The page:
Amino acids carry two functional groups: an amine group (-NH2) and a carboxylic acid group (-COOH). They are different because they have different side chains (R groups) attached to an alpha carbon that is specific to each amino acid.
Key elements in the 500 amino acids are carbon, hydrogen, oxygen, and nitrogen, but other elements can be found in the side chains of certain amino acids.
the elements that compose it
different side chains (R groups) attached to an α carbon
its because of the R groups in proteins. All of the peoteins are different, therefore each of the amino acid id different.
Their side group makes them unique, they also contain nitrogen which makes them different from carbs and fats.
the side group
There is part of an amino acid molecule that is called the R group or side chain.For example, the side chain of the amino acid called glycine is a single hydrogen atom. The side chain is what differs from amino acid to amino acid.
their amino acid sequence
The R group is the part of an amino acid that makes it different from other amino acids (every amino acid has a different R group). For example: The R group of Glycine is H The R group of Alanine is CH3
The basic structure of an amino acid is HXN-CHR-CO2H, where, in the 20 most common biological amino acids, X=hydrogen. The R group attached to the amino acid base is what makes up the difference.
A general structure of an aminoacid contain: a group from a carboxylic acid, an amino group and another chain different for each aminoacid.
The "R" group
The "R" group is different in different kinds of amino acids. The "R" group can be a number of different molecules that are attached to the alpha carbon.
Every amino acid consists of a carbon to which an amine (-NH2) group, a carboxylic acid (-COOH) group and a hydrogen (-H) atom is attached. What makes an amino acid unique is the attachment of a fourth side chain called an R group. There are 20 different amino acids found in humans but over 500 are known to occur in nature.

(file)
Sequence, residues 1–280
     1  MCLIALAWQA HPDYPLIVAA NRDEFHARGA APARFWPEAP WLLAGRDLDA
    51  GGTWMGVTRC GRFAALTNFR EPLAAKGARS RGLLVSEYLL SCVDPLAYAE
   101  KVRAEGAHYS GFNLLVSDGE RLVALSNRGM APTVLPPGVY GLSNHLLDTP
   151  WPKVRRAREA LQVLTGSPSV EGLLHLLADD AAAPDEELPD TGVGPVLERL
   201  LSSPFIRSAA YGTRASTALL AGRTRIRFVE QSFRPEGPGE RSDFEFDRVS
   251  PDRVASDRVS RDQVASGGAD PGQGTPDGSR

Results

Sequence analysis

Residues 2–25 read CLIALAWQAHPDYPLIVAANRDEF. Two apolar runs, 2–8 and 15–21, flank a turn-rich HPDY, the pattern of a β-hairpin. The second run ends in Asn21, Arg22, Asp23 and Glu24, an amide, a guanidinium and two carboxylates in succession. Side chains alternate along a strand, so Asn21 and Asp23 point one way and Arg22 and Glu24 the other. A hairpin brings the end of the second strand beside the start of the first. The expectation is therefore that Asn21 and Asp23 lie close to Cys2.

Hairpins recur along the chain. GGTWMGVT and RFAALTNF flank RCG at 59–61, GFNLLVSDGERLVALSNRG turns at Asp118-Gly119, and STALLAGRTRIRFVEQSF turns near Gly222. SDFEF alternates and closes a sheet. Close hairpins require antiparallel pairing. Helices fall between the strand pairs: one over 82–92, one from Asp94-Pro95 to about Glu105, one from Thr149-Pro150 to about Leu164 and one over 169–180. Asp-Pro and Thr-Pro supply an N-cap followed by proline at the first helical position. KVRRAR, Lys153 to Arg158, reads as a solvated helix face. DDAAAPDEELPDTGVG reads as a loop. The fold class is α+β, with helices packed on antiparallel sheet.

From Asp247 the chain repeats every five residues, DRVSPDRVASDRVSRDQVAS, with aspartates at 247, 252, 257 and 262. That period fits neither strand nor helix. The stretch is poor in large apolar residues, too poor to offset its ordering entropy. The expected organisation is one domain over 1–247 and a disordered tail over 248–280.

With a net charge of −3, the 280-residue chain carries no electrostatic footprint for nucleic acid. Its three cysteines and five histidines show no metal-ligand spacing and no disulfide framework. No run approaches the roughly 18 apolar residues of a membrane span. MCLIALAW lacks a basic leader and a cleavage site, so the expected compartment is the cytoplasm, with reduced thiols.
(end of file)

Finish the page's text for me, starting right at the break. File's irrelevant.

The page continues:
The amount of amino acid that company puts in the battery.
The 'R' group (side-chain).
The peptide bond.
Yes because once an amino acid is added to the protein chain, the transfer RNA is released into the cytoplasm and can pick up another amino acid.
The bond between the carboxyl group of one amino acid and the amino group of another amino acid is referred to as a "peptide" bond. It is an amide.
tRNA makes amino acids in the cytoplasm.
Amino acid (alpha) should contain.. 1. A carbon atom 2. An amine group attached to the carbon 3. A hydrogen attached to the carbon 4. A carboxylic acid group butched to the carbon 5. And a side chain which varies among amino acids and makes different unique amino acids..
The R group is an organic substituent in amino acids, different for each amino acid.
It depends on the role of the amino acid that is altered. One amino acid might be replaced with no measurable effect on the protein's function; replacing another might cause a total loss of function.
A codon of nucleotides codes for an amino acid. The combination of nucleotides in a codon determines the amino acid the codon makes.